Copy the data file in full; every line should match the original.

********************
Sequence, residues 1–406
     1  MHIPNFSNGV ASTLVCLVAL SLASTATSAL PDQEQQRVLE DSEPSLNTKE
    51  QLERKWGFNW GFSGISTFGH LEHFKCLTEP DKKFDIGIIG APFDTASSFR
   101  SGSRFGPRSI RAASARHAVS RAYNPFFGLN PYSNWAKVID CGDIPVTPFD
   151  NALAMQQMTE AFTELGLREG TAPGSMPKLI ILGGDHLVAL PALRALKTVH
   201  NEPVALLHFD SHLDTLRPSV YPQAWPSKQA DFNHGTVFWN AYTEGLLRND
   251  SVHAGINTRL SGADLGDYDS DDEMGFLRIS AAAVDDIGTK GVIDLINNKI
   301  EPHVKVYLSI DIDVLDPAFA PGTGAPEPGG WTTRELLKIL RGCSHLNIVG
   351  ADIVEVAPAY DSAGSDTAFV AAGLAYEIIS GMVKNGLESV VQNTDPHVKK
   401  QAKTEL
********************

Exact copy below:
Sequence, residues 1–406
     1  MHIPNFSNGV ASTLVCLVAL SLASTATSAL PDQEQQRVLE DSEPSLNTKE
    51  QLERKWGFNW GFSGISTFGH LEHFKCLTEP DKKFDIGIIG APFDTASSFR
   101  SGSRFGPRSI RAASARHAVS RAYNPFFGLN PYSNWAKVID CGDIPVTPFD
   151  NALAMQQMTE AFTELGLREG TAPGSMPKLI ILGGDHLVAL PALRALKTVH
   201  NEPVALLHFD SHLDTLRPSV YPQAWPSKQA DFNHGTVFWN AYTEGLLRND
   251  SVHAGINTRL SGADLGDYDS DDEMGFLRIS AAAVDDIGTK GVIDLINNKI
   301  EPHVKVYLSI DIDVLDPAFA PGTGAPEPGG WTTRELLKIL RGCSHLNIVG
   351  ADIVEVAPAY DSAGSDTAFV AAGLAYEIIS GMVKNGLESV VQNTDPHVKK
   401  QAKTEL